It is lazy and discriminatory to push for a separation of women’s rights from LGBTQI+ rights. We cannot decide that women are more important than LGBTQI+ people. We cannot decide not to talk about LGBTQI+ rights because we want to have success with women’s rights. Human rights, by virtue of what they are, are indivisible and interdependent. None of them is fully accessed without one another. We can acknowledge that all of our human rights are not going to become accessible at the same time without creating a false narrative about separation of rights or framing LGBTQI+ people and their rights as disposable. In addition to all of this, the UPR is not specifically focused on women’s rights. Convention on the Elimination of All Forms of Discrimination against Women (CEDAW) is the treaty that is focused on women. UPR is about human rights. All human rights. For all human beings. It is completely in keeping with the purpose and function of the UPR process to discuss the rights of LGBTQI+ people along with other communities.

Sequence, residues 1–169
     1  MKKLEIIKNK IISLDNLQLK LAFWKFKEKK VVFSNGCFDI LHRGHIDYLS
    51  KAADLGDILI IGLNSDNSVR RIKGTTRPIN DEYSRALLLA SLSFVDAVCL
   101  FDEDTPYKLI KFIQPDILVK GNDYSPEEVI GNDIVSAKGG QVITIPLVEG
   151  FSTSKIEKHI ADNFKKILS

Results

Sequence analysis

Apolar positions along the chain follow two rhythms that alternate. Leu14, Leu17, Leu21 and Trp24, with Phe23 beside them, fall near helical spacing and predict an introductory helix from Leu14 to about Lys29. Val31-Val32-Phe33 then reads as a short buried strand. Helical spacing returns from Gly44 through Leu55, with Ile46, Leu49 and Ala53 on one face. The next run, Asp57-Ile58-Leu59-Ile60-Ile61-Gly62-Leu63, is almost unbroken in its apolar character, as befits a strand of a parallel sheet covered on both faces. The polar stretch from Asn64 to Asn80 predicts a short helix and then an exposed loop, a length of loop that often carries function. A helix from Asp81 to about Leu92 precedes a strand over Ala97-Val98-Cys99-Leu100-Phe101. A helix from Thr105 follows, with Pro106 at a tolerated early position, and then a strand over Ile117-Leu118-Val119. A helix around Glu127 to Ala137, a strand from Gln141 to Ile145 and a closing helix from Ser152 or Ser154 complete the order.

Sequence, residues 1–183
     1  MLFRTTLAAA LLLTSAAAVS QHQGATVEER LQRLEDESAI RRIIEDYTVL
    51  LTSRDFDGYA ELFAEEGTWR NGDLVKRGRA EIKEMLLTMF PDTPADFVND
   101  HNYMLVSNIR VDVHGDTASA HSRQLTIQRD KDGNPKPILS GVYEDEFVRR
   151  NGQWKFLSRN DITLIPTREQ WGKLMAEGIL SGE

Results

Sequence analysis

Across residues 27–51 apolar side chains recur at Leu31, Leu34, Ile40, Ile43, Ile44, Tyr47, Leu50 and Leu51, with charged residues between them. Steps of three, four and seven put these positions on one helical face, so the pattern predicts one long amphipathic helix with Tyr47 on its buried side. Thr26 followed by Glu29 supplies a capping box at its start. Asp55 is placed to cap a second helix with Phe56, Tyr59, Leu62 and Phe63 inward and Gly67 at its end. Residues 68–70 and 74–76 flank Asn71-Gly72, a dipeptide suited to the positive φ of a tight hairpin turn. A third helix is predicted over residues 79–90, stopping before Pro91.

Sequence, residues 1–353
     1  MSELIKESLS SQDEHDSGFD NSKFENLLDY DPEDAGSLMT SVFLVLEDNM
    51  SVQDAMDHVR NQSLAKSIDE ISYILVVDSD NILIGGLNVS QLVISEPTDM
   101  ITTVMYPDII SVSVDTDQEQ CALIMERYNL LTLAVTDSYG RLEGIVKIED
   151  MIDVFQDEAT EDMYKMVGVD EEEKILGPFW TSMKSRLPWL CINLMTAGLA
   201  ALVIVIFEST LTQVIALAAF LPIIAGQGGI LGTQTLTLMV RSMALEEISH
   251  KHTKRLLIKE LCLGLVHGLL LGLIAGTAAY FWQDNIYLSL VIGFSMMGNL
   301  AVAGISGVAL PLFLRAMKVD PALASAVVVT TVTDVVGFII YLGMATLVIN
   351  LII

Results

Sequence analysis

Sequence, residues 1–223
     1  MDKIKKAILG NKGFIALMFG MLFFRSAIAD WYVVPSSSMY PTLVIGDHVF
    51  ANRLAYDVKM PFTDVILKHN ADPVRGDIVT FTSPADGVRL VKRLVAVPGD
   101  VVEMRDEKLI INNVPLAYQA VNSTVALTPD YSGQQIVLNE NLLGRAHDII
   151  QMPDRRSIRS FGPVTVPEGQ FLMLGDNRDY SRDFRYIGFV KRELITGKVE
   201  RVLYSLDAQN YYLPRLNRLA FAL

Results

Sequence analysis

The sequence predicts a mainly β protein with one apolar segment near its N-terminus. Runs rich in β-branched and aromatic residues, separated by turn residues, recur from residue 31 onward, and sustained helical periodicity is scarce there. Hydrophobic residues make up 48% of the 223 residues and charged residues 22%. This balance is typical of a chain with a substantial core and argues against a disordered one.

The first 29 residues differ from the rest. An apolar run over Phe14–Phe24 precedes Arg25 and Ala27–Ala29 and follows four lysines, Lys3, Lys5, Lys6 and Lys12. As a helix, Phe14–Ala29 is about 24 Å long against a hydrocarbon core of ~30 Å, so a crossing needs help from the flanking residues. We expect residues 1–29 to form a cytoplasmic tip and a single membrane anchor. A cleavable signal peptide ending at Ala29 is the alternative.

Human rights are not a finite resource. People are diverse. We all have many identities. We all have specific experiences and needs that emerge from our identities. We all have human rights. We all must have access to our rights. No one can simply decide that our rights are less important or less achievable than others, and relegate them—or us—to a corner. The UPR process makes that clear, and the written report will add to the evidence of these facts. We have to wait to see how the media will choose to report on it, and who it will contact to make reporting more robust, factual, and productive.